Aldo Tambellini was a fellow at the MIT Center for Advanced Visual Studies (CAVS) from 1976-1984. During his time at CAVS, much of his work focused on video art.
Born to an Italian mother and a Brazilian father in Syracuse, NY in 1930, Tambellini was a painter, sculptor, photographer, video artist, film-maker, and poet. Tambellini spent much of his childhood growing up in Lucca, Italy, where he was enrolled in art school at the age of 10. He returned to the United States in 1946. He was awarded a full Scholarship to study Art at Syracuse University where he earned a BFA in Painting, in 1954, and awarded a Teaching Fellowship at University of Notre Dame studying under world-renowned sculptor, Ivan Mastrovic, receiving his Masters in Sculpture, 1958.
In 1959, Aldo moved to NY’s Lower East Side, and founded the “counter-culture” group, “Group Center,” which organized public art events and non-traditional alternative ways to present artists’ work to the larger public in what today would be considered “alternate spaces.” He was a pioneer of the 1960’s video art movement. In 1965, he began painting directly on film beginning his “Black Film Series” of which, “Black TV,” won the International Grand Prix, Oberhausen Film Festival, ’69.
Simultaneously, he began a series of “Electromedia Performances.” “Black,” a work in progress, integrating, projected hand-painted slides, film, video, poetry, light, dance, sound and improvisational musicians, culminating in “Black Zero” at the Brooklyn Academy of Music in “Intermedia ’68.” In 1966, with Elsa Tambellini he co-founded the Gate Theatre, showing avant-garde and independent films daily and in 1967, he and the German kinetic artist Otto Piene (CAVS Director, 1974-94); CAVS Fellow 1968-74) opened a second theater, the Black Gate. This became a showcase for avant-garde artists like Yayoi Kusama, Nam June Paik (CAVS Fellow 1982) and Charlotte Moorman (CAVS Fellow 1986). From 1976 to 1984, Aldo was a Fellow at the Center for Advanced Visual Studies at the Massachusetts Institute of Technology.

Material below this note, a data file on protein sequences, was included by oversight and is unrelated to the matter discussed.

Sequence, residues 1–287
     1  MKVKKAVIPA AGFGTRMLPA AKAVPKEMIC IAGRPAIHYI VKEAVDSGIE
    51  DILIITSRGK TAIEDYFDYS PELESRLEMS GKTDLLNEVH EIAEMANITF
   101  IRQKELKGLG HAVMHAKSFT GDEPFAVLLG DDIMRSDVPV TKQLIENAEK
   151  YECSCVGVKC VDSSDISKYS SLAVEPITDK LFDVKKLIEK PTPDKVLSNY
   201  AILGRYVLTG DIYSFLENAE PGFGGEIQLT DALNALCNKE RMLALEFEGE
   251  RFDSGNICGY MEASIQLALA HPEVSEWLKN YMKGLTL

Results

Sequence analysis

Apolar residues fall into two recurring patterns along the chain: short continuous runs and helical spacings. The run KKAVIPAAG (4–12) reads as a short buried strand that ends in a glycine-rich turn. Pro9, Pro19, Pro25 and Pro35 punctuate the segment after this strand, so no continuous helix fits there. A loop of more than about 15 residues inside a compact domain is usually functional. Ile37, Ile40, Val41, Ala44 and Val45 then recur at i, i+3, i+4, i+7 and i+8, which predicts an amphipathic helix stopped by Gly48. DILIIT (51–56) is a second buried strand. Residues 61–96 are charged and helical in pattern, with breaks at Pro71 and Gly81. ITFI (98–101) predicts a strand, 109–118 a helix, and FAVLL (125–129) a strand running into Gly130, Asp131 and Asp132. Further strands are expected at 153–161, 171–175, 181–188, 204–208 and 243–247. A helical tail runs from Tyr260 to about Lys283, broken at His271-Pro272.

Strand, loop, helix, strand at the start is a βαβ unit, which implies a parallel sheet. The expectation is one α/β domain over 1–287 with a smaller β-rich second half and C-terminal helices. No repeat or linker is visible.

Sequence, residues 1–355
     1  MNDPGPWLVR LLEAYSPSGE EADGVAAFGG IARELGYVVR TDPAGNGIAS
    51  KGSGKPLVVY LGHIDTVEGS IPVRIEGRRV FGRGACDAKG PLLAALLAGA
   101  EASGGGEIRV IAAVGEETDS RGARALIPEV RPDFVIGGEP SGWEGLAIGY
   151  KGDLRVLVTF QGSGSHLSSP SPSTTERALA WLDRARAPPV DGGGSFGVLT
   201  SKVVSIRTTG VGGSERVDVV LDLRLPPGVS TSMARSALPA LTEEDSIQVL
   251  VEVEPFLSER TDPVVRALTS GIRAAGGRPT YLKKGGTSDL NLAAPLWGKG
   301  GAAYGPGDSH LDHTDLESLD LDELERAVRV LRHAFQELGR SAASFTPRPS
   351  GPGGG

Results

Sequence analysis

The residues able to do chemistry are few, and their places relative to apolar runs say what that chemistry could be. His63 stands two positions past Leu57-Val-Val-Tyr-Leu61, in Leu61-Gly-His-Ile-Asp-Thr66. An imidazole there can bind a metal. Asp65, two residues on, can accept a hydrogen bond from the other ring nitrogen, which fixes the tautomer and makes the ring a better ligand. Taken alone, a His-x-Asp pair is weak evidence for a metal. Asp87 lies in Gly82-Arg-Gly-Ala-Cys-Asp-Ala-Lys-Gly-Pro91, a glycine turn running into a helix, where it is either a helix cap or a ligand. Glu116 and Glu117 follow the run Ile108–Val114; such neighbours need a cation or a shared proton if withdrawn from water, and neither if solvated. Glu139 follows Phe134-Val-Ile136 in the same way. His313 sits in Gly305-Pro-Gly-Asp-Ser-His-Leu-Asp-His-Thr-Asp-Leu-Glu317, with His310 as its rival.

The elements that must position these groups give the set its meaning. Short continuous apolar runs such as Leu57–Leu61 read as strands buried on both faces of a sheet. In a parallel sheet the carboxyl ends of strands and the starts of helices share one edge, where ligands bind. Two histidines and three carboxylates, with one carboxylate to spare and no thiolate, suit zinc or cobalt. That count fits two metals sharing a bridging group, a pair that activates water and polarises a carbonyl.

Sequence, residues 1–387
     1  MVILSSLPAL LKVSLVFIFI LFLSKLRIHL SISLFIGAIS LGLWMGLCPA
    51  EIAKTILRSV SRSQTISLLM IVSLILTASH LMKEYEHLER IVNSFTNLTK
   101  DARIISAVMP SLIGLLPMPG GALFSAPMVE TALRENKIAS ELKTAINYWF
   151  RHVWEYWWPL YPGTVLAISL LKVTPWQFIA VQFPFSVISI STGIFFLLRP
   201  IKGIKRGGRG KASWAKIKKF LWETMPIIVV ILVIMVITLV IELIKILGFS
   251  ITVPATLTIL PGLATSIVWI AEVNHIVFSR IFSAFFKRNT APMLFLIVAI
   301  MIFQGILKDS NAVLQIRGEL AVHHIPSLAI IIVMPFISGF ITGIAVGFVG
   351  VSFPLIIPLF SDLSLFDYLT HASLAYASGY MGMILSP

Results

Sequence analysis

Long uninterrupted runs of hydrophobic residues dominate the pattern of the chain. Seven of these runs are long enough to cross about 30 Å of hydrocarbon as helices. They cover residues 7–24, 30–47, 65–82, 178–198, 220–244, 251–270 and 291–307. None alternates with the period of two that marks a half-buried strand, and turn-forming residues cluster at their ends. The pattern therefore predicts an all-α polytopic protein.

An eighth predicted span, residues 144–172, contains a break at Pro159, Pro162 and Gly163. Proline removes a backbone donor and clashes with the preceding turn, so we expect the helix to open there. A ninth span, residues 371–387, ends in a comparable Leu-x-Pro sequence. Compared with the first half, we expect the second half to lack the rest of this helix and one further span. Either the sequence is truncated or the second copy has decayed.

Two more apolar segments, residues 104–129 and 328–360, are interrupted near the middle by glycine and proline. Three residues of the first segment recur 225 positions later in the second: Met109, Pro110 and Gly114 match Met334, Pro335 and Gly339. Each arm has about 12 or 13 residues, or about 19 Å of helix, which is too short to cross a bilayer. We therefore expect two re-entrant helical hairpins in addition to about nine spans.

“‘Black’ is the expansion of consciousness in all directions,” he wrote in a 1967 manifesto, “Black Is the Awareness of a New Reality,” republished 42 years later in a catalog for his retrospective at the Pierre Menard Gallery in Cambridge, Mass. “I see ‘Black’ very clearly as the beginning of all things; and in the beginning it was ‘Black’ before the beginning. There was ‘Black’ before there was light in the whole universe. There is ‘Black’ inside the womb before the child is born. ‘Black’ is not the opposite of white; it is a state of being. We come from this womb. We come from this planet enveloped by ‘Black.’”
The color was political for Tambellini, which he linked to the Black Power movement and the civil rights struggles breaking out across the US. His work’s febrile nature often matched the political atmosphere of the times. He would apply black paint to glass slides or celluloid film, then burn, scratch or pierce spirals on to the surface. Circles were another recurring theme in these works, which he called “lumagrams”.
It was only during the last decade of his life that Tambellini began to receive acclaim from the mainstream art world. In 2012, Tate Modern in London staged a retrospective entitled Retracing Black.
Tambellini had also been writing poetry since the age of seventeen, and performed his poetry with music; video projection; participated in many radio programs and countless poetry venues. His poems and visual poetry have been exhibited and published in several journals and books.